China, Britain make tentative steps to repair relations
China and Britain made tentative steps to repair relations yesterday, with Beijing promising better ties if both showed "mutual respect" and London saying it wants to keep lines of communication open, including between the countries' leaders.
Foreign Minister James Cleverly is the first senior British minister in five years to visit China, a trip he hopes will reset ties between the two countries after years of tension over security, investment and human rights.
The foreign secretary has argued it would be a mistake to isolate the world's second-largest economy or tackle climate change without its input, but some Conservative lawmakers say the trip looks like an expression of British weakness.
Chinese Foreign Minister Wang Yi welcomed Cleverly and said both countries should move forward, rather than retreating, particularly in working together to boost global economy.
"I believe that as long as both sides adhere to mutual respect, equal treatment, view each other's development objectively, and enhance mutual understanding and trust, Sino-British relations will be able to eliminate all unnecessary interference and obstacles," Wang said during the meeting's opening remarks in front of reporters.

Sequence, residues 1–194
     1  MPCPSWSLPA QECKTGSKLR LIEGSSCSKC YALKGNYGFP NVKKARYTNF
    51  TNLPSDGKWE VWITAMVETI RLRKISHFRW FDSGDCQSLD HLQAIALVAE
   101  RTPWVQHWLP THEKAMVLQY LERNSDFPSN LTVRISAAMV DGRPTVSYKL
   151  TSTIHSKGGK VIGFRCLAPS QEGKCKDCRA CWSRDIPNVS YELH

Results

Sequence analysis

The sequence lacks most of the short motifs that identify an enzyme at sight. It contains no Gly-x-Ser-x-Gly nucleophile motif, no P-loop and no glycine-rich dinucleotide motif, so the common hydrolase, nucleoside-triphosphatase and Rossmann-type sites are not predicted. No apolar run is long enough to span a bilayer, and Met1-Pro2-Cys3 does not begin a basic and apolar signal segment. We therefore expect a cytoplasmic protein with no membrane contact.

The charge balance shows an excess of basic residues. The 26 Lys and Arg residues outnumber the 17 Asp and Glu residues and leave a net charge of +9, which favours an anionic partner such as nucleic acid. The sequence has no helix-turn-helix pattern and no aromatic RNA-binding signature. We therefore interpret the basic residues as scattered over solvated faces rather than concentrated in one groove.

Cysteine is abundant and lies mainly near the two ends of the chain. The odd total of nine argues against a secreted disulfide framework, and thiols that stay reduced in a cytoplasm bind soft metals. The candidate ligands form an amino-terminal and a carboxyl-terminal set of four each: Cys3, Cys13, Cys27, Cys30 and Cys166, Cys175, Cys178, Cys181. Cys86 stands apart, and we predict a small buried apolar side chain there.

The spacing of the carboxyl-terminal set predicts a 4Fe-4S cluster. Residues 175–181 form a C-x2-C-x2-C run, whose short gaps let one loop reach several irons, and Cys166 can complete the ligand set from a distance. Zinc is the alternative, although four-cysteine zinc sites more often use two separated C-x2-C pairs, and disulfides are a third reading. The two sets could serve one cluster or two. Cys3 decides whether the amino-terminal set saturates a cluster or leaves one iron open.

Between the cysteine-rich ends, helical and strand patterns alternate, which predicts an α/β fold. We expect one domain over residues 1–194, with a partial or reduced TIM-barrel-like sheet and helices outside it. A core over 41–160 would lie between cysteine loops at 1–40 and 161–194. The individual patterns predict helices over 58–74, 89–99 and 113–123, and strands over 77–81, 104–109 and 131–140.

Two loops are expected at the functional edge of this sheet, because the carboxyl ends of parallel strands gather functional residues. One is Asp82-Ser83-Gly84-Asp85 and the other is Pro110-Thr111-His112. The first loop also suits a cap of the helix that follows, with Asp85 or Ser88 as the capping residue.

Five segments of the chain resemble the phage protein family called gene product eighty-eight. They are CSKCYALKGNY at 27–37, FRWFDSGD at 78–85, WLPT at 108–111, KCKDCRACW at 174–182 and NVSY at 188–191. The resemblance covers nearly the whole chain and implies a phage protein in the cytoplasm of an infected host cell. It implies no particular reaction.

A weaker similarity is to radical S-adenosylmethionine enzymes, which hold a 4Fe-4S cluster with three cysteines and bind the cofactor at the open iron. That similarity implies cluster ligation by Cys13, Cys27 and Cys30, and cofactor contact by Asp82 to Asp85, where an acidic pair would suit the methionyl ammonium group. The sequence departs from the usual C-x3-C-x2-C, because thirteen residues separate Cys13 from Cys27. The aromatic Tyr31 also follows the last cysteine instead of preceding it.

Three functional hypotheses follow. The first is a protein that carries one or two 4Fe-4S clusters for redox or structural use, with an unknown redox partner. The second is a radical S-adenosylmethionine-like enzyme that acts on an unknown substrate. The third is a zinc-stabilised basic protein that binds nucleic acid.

Cleverly responded by saying he appreciated having the ability to raise points of disagreement, telling Wang he appreciated him listening to them "carefully and professionally", but he also wanted to raise opportunities.
"It is important for us to maintain these channels of communication at our level as minister-to-minister, ministers in upper government departments," he said. "And, of course ultimately, it is important for our prime minister and your president to have the opportunity to speak directly as well."
A possible meeting between Chinese President Xi Jinping and Prime Minister Rishi Sunak could come at the G20 summit in India next month, but the British leader told broadcasters his schedule for the meeting had yet to be finalised.
Sunak, under pressure from lawmakers - including the former Prime Minister Liz Truss - who want London to toughen its policy on China and to declare the country a threat to British national security, defended his approach.
"It's perfectly possible to engage with China at the same time as being very robust in standing up for our interests and our values," Sunak said.